Cookies on this website

We use cookies to ensure that we give you the best experience on our website. If you click 'Accept all cookies' we'll assume that you are happy to receive all cookies and you won't see this message again. If you click 'Reject all non-essential cookies' only necessary cookies providing core functionality such as security, network management, and accessibility will be enabled. Click 'Find out more' for information on how to change your cookie settings.

The virtues of silver as an antimicrobial agent have been known for some time. Various silver containing dressings are currently used for the treatment of wounds. Introduced in the late 1990s, Acticoat is a nanocrystalline silver dressing developed to overcome some shortcomings of the older dressings by providing sustained release of silver up to 7 days. We aim to determine the level of evidence available in the literature in view of recent increased usage of Acticoat. A Medline search was conducted to identify articles evaluating the use of Acticoat in burn wounds. A level of evidence adapted from the Oxford Centre for Evidence-Based-Medicine was assigned to each of these articles. Only one study was considered to be LOE 1, which is a multicentre randomised controlled trial comparing Acticoat against Silver Sulfadiazine. One further randomised control trial was downgraded to LOE 2 due to a wide confidence interval. Twenty studies (66%) were LOE 5 of which 6 were case reports and 14 were in vitro/animal studies. The available LOE 1 study demonstrates that Acticoat has better antimicrobial activity compared to another available silver dressing. Other studies suggest Acticoat has fewer adverse effects and reduces healing times. Its ease of application and low frequency of change makes it an ideal dressing in burn wounds. More well designed and properly reported randomised controlled trials are essential for informed clinical decision-making.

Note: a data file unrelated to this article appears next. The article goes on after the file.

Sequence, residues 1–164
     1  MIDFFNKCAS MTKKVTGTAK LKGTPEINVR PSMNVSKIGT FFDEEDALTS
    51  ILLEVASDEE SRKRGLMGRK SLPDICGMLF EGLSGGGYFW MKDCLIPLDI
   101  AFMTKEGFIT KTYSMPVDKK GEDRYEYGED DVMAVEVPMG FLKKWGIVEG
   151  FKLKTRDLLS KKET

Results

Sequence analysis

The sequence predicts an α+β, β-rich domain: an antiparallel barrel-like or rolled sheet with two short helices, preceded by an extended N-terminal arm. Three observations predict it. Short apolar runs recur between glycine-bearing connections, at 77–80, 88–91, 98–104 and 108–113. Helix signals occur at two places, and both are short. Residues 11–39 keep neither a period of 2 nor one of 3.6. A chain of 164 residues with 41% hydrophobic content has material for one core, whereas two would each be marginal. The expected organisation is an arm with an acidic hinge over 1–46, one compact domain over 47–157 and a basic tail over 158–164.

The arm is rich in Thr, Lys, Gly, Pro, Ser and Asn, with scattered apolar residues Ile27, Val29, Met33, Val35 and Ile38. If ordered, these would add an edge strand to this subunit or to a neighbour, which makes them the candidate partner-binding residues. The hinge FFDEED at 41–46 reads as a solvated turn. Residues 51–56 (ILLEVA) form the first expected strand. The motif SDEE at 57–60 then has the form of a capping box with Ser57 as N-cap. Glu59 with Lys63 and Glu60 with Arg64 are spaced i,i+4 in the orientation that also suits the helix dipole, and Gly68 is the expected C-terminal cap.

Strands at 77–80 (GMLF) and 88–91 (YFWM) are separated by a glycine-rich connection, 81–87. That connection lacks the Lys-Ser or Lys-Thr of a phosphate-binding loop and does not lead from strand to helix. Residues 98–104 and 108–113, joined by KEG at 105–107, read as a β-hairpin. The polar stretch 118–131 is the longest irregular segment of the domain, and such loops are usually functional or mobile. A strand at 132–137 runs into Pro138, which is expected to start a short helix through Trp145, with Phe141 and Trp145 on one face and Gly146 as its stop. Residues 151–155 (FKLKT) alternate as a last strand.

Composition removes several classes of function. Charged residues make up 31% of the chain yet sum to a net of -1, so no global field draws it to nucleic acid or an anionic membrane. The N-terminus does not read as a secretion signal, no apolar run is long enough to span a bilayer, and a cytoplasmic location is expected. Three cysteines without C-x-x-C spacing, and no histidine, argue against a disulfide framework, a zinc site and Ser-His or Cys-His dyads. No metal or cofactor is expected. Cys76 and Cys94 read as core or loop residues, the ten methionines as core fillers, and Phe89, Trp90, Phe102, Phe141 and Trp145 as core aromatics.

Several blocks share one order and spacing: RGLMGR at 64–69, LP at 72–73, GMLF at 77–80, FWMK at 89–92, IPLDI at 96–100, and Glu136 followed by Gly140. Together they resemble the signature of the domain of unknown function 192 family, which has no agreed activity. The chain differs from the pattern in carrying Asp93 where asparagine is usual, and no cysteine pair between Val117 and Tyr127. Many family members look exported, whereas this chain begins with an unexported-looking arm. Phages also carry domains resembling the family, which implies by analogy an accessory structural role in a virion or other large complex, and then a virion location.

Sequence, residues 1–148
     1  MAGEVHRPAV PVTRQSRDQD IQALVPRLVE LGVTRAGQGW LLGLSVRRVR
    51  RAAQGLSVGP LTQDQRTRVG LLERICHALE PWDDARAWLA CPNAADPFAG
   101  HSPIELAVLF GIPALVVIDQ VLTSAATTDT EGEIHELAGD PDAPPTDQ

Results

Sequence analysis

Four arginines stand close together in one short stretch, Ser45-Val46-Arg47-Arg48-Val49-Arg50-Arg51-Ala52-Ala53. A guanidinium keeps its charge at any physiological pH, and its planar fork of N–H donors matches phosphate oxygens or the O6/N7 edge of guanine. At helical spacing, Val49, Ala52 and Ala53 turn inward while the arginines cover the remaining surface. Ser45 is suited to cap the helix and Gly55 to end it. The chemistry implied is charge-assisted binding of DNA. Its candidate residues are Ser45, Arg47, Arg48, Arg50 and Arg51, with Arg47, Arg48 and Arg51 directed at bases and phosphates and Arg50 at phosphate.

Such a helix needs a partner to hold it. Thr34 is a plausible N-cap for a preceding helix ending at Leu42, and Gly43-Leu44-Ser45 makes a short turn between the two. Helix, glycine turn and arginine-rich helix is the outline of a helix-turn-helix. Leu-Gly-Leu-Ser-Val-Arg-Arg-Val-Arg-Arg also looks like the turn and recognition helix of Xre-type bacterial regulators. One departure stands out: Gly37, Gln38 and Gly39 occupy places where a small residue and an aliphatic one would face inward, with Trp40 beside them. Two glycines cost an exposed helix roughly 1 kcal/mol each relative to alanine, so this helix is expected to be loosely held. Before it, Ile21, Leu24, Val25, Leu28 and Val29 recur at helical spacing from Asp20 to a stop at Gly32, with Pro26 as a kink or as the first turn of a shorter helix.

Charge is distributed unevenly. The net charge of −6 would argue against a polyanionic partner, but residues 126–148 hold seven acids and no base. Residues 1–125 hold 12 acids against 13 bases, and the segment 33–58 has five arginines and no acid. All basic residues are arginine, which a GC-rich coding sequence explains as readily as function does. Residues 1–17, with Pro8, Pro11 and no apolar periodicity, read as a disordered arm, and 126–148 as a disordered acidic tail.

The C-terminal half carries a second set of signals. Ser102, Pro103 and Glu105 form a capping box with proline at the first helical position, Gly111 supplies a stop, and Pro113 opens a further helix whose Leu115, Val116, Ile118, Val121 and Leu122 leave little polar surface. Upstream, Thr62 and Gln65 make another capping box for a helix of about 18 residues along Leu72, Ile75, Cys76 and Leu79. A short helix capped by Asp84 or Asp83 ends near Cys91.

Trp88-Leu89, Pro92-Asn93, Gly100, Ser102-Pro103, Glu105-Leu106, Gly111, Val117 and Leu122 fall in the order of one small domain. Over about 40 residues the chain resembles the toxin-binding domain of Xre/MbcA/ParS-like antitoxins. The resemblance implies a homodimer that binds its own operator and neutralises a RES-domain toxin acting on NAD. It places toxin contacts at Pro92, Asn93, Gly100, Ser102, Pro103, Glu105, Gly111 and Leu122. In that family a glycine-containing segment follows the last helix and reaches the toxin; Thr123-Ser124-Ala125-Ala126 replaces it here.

Original publication




Journal article



Publication Date





751 - 758


Animals, Anti-Infective Agents, Local, Bandages, Burns, Coated Materials, Biocompatible, Humans, Polyesters, Polyethylenes, Silver, Silver Sulfadiazine, Time Factors, Wound Healing, Wound Infection